Pyongyang hopes for investment from South
“High-ranking North Korean government officials and businessmen said they are hoping that South Korean conglomerates would invest in North Korea’s regional and industrial complexes,” Han, a Korean-American who wished only to be identified by his family name, told the JoongAng Ilbo on Sunday after holding a meeting with a North Korean official at the Ministry of External Economic Affairs in Pyongyang last month.
In other words, North Korea is also looking at the idea of persuading South Korean companies to build manufacturing plants or invest in North Korea outside the Kaesong Industrial Complex. Han, who has been investing in North Korea for the last two decades, said Pyongyang has already pinpointed several leading South Korean companies such as Samsung, SK, Posco and Daewoo Shipbuilding and Marine Engineering as primary targets.
A South Korean government official who participated in the summit between the two Koreas’ leaders in 2007 said North Korea has handpicked South Korean companies they believe are necessary partners for development.
The North Korean government wants South Korea’s largest conglomerate, Samsung, to build an electronics industrial complex in Pyongsung, 28 kilometers (17.4 miles) north of Pyongyang.
Pyongsung is a center for storing supplies transported to Pyongyang. Additionally, it has a large floating population.
North Korea wants SK to invest in Nasun, a special economic zone in the northeast of the country. The Sungri Chemical Complex, which started production as a crude refinery in 1973, is in dire need of an upgrade as most of the facilities are outdated.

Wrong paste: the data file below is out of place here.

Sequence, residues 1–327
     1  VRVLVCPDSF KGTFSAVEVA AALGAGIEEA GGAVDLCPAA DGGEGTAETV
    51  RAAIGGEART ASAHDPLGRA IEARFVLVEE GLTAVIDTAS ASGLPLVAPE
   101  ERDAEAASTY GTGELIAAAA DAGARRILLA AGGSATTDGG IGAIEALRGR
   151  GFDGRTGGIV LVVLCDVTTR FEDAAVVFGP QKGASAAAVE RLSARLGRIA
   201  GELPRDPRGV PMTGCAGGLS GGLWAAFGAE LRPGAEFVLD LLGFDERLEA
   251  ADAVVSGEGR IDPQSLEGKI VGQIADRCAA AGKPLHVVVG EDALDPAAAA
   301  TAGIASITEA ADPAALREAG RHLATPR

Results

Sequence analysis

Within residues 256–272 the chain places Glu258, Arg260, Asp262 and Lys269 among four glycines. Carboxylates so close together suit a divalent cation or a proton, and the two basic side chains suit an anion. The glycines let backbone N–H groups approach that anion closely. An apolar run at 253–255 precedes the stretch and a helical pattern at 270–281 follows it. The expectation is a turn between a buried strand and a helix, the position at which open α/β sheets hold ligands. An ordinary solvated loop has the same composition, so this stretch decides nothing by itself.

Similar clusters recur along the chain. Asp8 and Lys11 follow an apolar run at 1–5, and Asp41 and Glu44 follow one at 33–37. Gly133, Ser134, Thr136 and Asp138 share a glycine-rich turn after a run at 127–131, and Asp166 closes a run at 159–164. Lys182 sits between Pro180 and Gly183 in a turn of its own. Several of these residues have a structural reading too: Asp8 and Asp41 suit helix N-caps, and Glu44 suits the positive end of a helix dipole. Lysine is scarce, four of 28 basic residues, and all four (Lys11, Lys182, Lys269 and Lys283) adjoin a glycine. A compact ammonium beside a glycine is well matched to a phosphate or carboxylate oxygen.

North Korea is hoping South Korea’s leading refinery will upgrade the facilities. Sungri Chemical Complex has already received investment from Mongolia’s HBOil JSC and China’s Shangdi Guanqun Investment.
North Korea is also hoping South Korean steelmaker Posco will take an interest in remodeling its Kimchaek Iron and Steel Complex in Chongjin, south of Nasun. The steel plant was built during the Japanese colonial period. After the Soviet Union disintegrated, major support such as technology and facility upgrades shrank significantly. As a result the steel plants are extremely outdated. They produce 2.4 million tons of steel annually, which accounts for 40 percent of the country’s overall steel production.
North Korea wants to expand production to 10 million tons a year. Additionally, it is said to have a keen interest in the Finex furnace technology developed by Posco. Instead of using bituminous coal, that technology uses anthracite coal, which is 20 percent cheaper. North Korea doesn’t have bituminous coal, which it has to import from China. But according to Information System for Resources on North Korea, roughly 4 billion tons of anthracite coal is in North Korea.
During the 2007 summit, the two leaders expressed interest in constructing a joint shipbuilding complex in Gangwon, South Korea, that would involve Daewoo Shipbuilding and Marine Engineering.
But experts say for South Korean conglomerates to advance into North Korea or even to invest, the first thing that needs to be established is political stability in Pyongyang.
“If North Korea wants South Korean conglomerates to participate, it needs to first propose a business model and they cannot behave as they do in Kaesong, such as demanding raises for its workers unilaterally,” said Eom Chi-sung, head of the international department at South Korea’s largest business lobbying group, the Federation of Korean Industries.
South Korean business groups are urging the government to push forward economic cooperation with North Korea as they are feeling some competitive heat, including from China and Japan, which have shown interest in advancing into North Korea’s market.
“It would be too late if South Korean companies advance into North Korea after the relationship between the two Koreas improves,” said Lim Eul-chul, professor at Kyungnam University. “We have to keep in mind the fierce competition with China, Japan and Russia.”
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